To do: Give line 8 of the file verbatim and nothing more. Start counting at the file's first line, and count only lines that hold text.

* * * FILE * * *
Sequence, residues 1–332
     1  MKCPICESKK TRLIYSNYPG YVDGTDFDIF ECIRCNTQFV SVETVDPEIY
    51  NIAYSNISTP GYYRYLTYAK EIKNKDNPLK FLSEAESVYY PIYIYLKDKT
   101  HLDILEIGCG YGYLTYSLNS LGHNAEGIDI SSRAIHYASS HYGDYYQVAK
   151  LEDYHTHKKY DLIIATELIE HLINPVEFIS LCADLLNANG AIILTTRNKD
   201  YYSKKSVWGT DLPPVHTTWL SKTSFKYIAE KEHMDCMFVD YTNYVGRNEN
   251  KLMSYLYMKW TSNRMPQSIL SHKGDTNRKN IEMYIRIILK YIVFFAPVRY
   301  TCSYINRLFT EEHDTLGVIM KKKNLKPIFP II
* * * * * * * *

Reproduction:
   301  TCSYINRLFT EEHDTLGVIM KKKNLKPIFP II